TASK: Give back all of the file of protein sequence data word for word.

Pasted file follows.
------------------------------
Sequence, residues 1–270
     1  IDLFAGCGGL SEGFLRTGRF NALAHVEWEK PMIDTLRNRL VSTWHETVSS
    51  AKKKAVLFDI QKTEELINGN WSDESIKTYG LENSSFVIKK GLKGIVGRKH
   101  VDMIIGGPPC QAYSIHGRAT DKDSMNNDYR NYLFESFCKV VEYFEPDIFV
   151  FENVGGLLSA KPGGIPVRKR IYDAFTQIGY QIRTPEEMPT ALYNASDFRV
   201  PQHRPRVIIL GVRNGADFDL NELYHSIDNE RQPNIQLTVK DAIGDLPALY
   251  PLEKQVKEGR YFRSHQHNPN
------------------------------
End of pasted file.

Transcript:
Sequence, residues 1–270
     1  IDLFAGCGGL SEGFLRTGRF NALAHVEWEK PMIDTLRNRL VSTWHETVSS
    51  AKKKAVLFDI QKTEELINGN WSDESIKTYG LENSSFVIKK GLKGIVGRKH
   101  VDMIIGGPPC QAYSIHGRAT DKDSMNNDYR NYLFESFCKV VEYFEPDIFV
   151  FENVGGLLSA KPGGIPVRKR IYDAFTQIGY QIRTPEEMPT ALYNASDFRV
   201  PQHRPRVIIL GVRNGADFDL NELYHSIDNE RQPNIQLTVK DAIGDLPALY
   251  PLEKQVKEGR YFRSHQHNPN